Comment


                    • #40
                      Greenland Ice Graph.jpg

                      This is the graph of Greenland temperatures - only one location in the world, but illustrative. Current temperatures nowhere near as high as they were about 900 years ago.
                      1Cor 15:34 εκνηψατε δικαιως και μη αμαρτανετε αγνωσιαν γαρ θεου τινες εχουσιν προς εντροπην υμιν λεγω
                      Come to your senses as you ought and stop sinning; for I say to your shame, there are some who know not God.
                      .
                      If Palm Sunday really was a Sunday, Christ was crucified on a Thursday (which could be adduced from the gospels anyway).

                      "The synoptic gospels claim that Jesus was crucified on the 15th day of Nisan and buried on the 14th day of Nisan:" Majority Consensus

                      Comment


                      • #41


                        And records from Alaska show much the same. Temperatures now are around the level that they were 400 - 500 years ago, and quite a margin lower than they were 900 years ago.
                        Last edited by tabibito; 08-06-2014, 01:45 PM.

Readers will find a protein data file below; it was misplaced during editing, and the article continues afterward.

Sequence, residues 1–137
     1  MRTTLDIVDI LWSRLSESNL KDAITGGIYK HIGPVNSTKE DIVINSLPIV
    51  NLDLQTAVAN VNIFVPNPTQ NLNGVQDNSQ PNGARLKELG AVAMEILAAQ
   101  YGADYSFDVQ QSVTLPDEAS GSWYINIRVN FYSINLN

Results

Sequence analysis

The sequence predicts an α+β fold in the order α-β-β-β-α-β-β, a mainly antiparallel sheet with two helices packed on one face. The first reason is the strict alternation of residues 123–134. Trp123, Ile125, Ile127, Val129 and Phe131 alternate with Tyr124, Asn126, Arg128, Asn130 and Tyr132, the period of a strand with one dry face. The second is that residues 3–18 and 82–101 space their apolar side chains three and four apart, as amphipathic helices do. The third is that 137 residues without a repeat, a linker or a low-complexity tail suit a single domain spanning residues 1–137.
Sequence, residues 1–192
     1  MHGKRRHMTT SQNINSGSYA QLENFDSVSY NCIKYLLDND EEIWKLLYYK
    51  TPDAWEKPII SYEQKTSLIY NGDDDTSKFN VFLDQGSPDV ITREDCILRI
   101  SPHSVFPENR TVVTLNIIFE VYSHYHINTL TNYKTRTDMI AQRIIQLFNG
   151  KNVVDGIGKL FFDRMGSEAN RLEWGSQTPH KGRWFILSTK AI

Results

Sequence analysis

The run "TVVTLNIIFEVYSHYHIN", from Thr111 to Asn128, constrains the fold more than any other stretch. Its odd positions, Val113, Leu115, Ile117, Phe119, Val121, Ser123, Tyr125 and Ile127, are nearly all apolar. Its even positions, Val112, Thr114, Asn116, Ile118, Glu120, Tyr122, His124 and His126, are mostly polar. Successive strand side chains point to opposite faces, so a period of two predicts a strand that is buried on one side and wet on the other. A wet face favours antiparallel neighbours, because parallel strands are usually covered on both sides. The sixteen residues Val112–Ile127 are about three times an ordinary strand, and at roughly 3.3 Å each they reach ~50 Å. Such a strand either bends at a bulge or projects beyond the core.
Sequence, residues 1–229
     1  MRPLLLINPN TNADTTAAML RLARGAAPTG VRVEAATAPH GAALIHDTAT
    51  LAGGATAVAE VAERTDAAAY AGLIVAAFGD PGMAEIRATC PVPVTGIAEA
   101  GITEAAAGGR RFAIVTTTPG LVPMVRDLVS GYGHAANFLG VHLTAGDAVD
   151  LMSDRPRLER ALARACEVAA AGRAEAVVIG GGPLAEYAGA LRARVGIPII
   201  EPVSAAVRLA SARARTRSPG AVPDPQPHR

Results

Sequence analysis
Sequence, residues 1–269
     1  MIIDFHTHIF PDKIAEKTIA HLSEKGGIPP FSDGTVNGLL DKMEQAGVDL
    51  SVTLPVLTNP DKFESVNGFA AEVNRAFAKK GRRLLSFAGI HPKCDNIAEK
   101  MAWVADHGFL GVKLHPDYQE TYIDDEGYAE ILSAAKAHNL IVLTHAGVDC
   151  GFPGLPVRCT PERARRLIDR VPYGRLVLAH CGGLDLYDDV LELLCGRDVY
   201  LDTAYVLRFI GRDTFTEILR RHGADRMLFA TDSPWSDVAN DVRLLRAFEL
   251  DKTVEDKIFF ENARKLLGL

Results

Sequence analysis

1Cor 15:34 εκνηψατε δικαιως και μη αμαρτανετε αγνωσιαν γαρ θεου τινες εχουσιν προς εντροπην υμιν λεγω
                        Come to your senses as you ought and stop sinning; for I say to your shame, there are some who know not God.
                        .
                        If Palm Sunday really was a Sunday, Christ was crucified on a Thursday (which could be adduced from the gospels anyway).

                        "The synoptic gospels claim that Jesus was crucified on the 15th day of Nisan and buried on the 14th day of Nisan:" Majority Consensus

                        Comment


                        • #42
                          Originally posted by tabibito View Post
                          Also, argument is that CO2 levels show an historic pattern of increasing after temperatures rise. I haven't been able to confirm that argument.